• The NASA Medal for Distinguished Service, the highest award that could be given by that Agency, would be awarded for exceptional accomplishments in the Gemini program, including but not limited to accomplishments in actual flight.
  • Military decorations associated with space flight, such as awards for exceptional heroism or other distinguished service, would be determined on an individual basis consistent with general policy governing the award of traditional military decorations. (NOTE: All military astronauts completing space flights have received Distinguished Flying Medal awards and some have been awarded the Distinguished Service Medal by their respective Services.)

Given that this is seemingly Ed's fourth spaceflight (Gemini 7, Apollo 10, Apollo 15 and Apollo 22) I'll assume that he was promoted from Lt-Cdr to Cdr after his first flight and that this was a separate Presidential decision to promote him again for political reasons. I do recall reading that some astronauts of that era found themselves falling behind in their military careers because this policy gave them automatic promotion into ranks in which they then did not gain any relevant military experience such as to qualify them for further promotions, so maybe Ed has been stuck at Cdr for a while now.

Of the female astronauts, it seems that Tracy Stevens is the only one not to have flown yet? Molly Cobb flew on Apollo 15, Danielle Poole was assigned to Apollo 18, and it's mentioned that Ellen Waverley (now Wilson) flew on Apollo 19. She's also the only one not to get a Moon landing mission; is this her relatively weaker performance during training, or due to her marital difficulties with Gordo?
posted by Major Clanger at 6:53 AM on December 8, 2019 [1 favorite]


Finally got round to watching this series over the weekend, and wish this wasn't the episode with a week until the next one! I've really been enjoying the whole series, coming at it without any technical space knowledge and loving it.
posted by ellieBOA at 11:23 AM on December 8, 2019


It's funny, my assessment of the show is that it isn't too long or fluffy at all.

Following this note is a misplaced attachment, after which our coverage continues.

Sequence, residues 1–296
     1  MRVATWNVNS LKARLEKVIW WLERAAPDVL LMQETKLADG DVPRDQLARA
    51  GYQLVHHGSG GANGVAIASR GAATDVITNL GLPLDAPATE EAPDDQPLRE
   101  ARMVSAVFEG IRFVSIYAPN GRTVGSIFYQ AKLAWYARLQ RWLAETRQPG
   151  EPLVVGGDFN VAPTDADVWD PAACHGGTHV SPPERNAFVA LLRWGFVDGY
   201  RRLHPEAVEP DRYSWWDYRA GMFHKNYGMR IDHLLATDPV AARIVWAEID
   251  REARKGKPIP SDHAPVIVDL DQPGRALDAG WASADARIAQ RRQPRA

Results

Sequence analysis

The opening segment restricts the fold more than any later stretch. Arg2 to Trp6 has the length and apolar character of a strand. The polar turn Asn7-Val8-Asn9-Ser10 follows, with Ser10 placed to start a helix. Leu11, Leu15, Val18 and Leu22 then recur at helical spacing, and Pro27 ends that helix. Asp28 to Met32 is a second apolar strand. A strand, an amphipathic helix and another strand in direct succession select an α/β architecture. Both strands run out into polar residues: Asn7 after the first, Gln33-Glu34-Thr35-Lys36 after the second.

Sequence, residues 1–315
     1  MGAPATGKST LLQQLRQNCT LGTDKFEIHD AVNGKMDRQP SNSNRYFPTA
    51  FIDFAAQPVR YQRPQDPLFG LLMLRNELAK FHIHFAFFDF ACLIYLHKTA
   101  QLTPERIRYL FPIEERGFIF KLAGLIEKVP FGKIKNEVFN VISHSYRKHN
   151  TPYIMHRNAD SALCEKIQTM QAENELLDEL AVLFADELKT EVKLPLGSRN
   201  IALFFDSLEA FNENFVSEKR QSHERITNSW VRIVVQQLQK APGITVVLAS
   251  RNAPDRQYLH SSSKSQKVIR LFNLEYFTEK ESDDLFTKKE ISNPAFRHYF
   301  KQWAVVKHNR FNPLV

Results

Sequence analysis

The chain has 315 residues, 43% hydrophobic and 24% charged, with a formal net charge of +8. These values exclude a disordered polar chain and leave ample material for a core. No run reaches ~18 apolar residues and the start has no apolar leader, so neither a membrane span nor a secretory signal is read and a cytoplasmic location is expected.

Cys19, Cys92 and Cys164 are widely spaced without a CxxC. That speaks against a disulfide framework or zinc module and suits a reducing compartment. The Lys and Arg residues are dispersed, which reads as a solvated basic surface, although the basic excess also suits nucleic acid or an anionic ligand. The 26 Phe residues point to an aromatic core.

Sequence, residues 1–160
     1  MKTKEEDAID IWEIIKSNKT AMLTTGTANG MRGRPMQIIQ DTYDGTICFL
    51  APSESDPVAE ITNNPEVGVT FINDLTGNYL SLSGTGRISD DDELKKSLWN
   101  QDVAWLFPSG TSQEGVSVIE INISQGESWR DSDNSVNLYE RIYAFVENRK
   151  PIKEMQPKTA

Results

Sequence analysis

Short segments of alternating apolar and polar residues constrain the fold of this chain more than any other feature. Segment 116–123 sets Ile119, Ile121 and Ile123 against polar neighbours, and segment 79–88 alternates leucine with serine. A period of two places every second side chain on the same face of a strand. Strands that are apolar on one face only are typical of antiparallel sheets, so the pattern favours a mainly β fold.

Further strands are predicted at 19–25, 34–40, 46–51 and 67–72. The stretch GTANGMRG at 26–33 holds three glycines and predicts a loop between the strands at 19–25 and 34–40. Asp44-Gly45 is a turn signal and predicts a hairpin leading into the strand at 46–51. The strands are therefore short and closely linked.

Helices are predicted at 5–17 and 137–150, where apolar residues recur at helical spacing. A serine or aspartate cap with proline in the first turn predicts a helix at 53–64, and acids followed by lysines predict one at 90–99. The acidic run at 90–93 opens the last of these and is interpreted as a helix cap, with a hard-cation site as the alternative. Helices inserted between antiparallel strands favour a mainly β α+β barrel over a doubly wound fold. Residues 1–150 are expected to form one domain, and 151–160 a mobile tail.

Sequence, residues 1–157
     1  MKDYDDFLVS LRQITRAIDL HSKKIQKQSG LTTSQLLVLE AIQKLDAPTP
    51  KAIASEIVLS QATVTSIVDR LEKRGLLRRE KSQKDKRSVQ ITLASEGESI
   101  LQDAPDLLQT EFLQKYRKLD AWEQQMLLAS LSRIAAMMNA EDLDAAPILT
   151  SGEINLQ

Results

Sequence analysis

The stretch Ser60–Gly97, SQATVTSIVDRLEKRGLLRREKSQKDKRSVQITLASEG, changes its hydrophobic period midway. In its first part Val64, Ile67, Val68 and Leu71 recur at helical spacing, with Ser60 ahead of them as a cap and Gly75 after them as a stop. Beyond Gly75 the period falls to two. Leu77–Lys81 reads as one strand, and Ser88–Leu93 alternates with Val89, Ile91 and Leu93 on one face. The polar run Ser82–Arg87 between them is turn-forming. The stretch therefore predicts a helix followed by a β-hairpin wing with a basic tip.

I'm surprised that Gordo's breakdown is seemingly still a secret among the three. I would have assumed it be kept confidential among a very small and select few. At least Slayton, who seems to me to have the discretion and good sense to handle it wisely. But not letting anyone in on the crisis seems unwise for the whole program, even for the cowboy mentality pervasive among the group. Interestingly, it's the male cowboy fragility that had to be preserved at the expense of a woman's (all women's, really) status. Willingness to see a psychiatrist is a positive step, but the incident can't remain under wraps forever.

I've liked to entertain the thought that Molly wouldn't have made the kind of sacrifice that Danielle did. That she more likely would have broken Gordo's arm rather than her own.

Curious if the nature of the destroyed apparatus will be revealed.

I'm interested to see if we're witnessing a breakdown of a marriage, in tandem with a breakdown of whatever tenuous detente between the Soviets and USA as a result of the tragic incident. Destroying even a hidden Soviet apparatus could certainly be considered hostile under normal circumstances, but the offering of condolences shows they aren't total monsters, at least in the eyes of Ed, who'd been stewing some deep suspicions with the cabin fever. Now he knows among the things that cannot be fixed (his son's life), may also be his marriage, and relations of the superpowers and the future of humanity. What a weight to carry.